Hot tips for marketing your book online

– By guest blogger Fiona Cole

Book Marketing for Author'sIn self-publishing the responsibility to market your book remains firmly at the feet of the writer.

Each successful self-published author solves the marketing of their book differently, and often with surprising ingenuity. Some people drive online traffic with keyword strategies. Others sell books in the back of the room during presentations and workshops. Some authors become social media “celebrities” amassing a huge fan following, whilst others become experts and spokespeople for a cause or professional arena.
Here are our top recommendations for marketing your book online.

  1. Start early
    If you don’t want to end up with a garage full of books and no idea what to do with them, you need to think through your marketing plan as early in the process as you can.
    Identify your ideal readers and how you can reach them. That is the beginning of marketing your self-published book.
  2. Build an online author profile
    Find online forums, sites and social networking groups that are relevant to your genre or field of expertise. Be genuine and generous with your contribution to these forums, sharing information, offering support and giving feedback and encouragement. This way you will have a strong foundation on which to build your author profile. You can do this well before your book is published.
  3. Set up an author’s website
    Marketing your book online starts and ends with your author’s website, which is a must-have if you are serious about making a name for yourself as a writer.
    An author’s website should have:
    • A homepage that sets the scene with compelling, visual and optimised content that reinforces your brand.
    • About the author, after all it is you they want to get to know.
    • Book pages – one for each book – with image, description and a buy now button with a link to a point of sale.
    • A blog page where you can write things and where your fans can post comments.
    • An events page with dates and places you are going to be signing your book or speaking.
    • Your social networking information.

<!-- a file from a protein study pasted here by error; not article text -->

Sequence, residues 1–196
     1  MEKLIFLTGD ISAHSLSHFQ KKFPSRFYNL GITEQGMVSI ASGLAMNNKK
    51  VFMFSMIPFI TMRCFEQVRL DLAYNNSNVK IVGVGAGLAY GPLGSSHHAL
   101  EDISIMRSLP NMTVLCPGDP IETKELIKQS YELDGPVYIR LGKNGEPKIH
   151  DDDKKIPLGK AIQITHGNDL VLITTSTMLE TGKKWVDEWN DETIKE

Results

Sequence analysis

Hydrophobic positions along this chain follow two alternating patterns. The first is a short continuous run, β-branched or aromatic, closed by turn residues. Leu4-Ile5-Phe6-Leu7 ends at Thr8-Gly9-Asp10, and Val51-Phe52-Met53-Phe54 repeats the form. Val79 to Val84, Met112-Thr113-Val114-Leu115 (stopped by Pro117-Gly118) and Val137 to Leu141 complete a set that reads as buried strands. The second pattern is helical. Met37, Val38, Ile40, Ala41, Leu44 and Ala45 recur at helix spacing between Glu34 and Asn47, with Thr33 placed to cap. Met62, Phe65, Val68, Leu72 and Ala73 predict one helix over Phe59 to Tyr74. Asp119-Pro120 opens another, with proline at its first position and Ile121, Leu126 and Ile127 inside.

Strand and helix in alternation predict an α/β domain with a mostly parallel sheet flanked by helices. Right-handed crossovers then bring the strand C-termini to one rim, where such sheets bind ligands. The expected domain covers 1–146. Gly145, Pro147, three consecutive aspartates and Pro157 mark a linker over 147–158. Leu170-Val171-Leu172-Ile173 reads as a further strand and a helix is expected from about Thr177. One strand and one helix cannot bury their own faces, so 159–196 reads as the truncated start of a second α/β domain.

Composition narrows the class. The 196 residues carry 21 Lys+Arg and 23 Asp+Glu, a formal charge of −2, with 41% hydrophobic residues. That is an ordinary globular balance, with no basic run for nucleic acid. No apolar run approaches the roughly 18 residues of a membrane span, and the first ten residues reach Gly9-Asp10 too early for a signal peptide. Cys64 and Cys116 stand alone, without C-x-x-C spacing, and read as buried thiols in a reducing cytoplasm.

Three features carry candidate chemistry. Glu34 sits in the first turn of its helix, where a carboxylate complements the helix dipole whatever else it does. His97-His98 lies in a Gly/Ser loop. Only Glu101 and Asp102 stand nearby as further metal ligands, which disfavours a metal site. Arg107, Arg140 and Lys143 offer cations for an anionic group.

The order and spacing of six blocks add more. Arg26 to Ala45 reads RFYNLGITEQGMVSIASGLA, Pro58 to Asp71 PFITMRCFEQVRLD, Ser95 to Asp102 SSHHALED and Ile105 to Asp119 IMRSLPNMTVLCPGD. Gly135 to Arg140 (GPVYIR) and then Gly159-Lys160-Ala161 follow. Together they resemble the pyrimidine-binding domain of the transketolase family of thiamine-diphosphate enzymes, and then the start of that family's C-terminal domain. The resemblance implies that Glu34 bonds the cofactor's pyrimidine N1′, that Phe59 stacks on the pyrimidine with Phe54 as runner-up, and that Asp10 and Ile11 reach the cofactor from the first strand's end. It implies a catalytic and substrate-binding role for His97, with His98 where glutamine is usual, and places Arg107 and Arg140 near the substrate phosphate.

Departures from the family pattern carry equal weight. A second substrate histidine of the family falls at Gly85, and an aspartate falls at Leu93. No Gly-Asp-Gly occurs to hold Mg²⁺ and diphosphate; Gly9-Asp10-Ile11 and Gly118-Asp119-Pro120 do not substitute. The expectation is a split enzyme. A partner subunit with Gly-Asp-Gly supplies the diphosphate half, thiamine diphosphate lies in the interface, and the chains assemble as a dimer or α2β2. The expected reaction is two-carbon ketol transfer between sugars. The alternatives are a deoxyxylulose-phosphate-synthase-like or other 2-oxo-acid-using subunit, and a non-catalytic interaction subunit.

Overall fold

• A contact form or email address.
    • The ability to sign-up to your newsletter.
    Other things you can add include: testimonials, reviews, a list of your recommended reads, a downloadable media kit (see No. 6), a promotional video (see No. 9).
  4. Start a blog
    If you want to build credibility as a writer one of the best ways to do this is to post your writing. Online content in the form of blog posts and guest articles on other blog sites will help people to get to know and like your writing. With a strong blog following you will generate more traffic to your website and increase the time people spend there, which is beneficial to your website rankings.
  5. Use social media
    There are lots of social media platforms out there, but for simplicity we recommend you stick with Facebook and Twitter, otherwise you risk spreading your efforts too thin.
  6. Create a media kit
    This is what you send out to media outlets and booksellers to promote your book. Your media kit should include:
    • A one page promo with a description of the book, including the genre, RRP, available formats (paperback, e-book) and a few short blurbs and recommendations if you can get them from a reviewer, professional peer or industry professional.
    • A high quality image of the cover, in high resolution that is suitable for digital and print. You can request this from your formatter or printer in several size formats.
    • An author biography of 100-150 words. The main purpose of the biography is to tell a reader why you are uniquely qualified to have written this particular book.
    • A profile photo, preferably a head shot by a professional photographer or a talented amateur.
  7. Cultivate book reviews
    You need to start requesting these early so as soon as you have an edited manuscript start sending out PDFs with a synopsis, the first few chapters and the table of contents. Wherever possible, approach professionals in a related field to the book’s subject, other authors and known publishing industry professionals.
    For non-fiction ask websites, e-zines and magazines in your field to review your book.
    If you are going to promote your book on Amazon, then you will need at least 20 reviews. Contact everyone you know and ask each of them if they would give your book an honest review.
    Send a copy to the mainstream media, along with your press kit, for inclusion in their book reviews. You may even score an interview for a feature article.
  8. Public speaking engagements
    Volunteer to be a guest speaker at events, meetings and other gatherings. Prepare a 30 minute presentation, allowing for time for questions. Be sure to have your books for sale at the event.
  9. Promotional videos
    These can be done as author interviews, snippets of your speaking engagements or even movie-style trailers, depending on your audience. Post these on you website as well as the popular video sites like YouTube, Vimeo etc.
  10. Map your campaign
    Your marketing campaign needs to be mapped out, with key dates and activities laid out so you know what to do when, starting well before you publish and up to 12 months following your launch.

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Our guest blogger this month is Fiona Cole. Fiona is the owner of BigWords, a business communications and content marketing specialist business who works with small to medium businesses in New Zealand. She is also the founder of indie publishing label, BigWords-Books, helping emerging Kiwi writers to self-publish to bookstore standards. For more information about any of the areas of marketing mentioned in the above blog article or to discuss self-publishing, contact Fiona here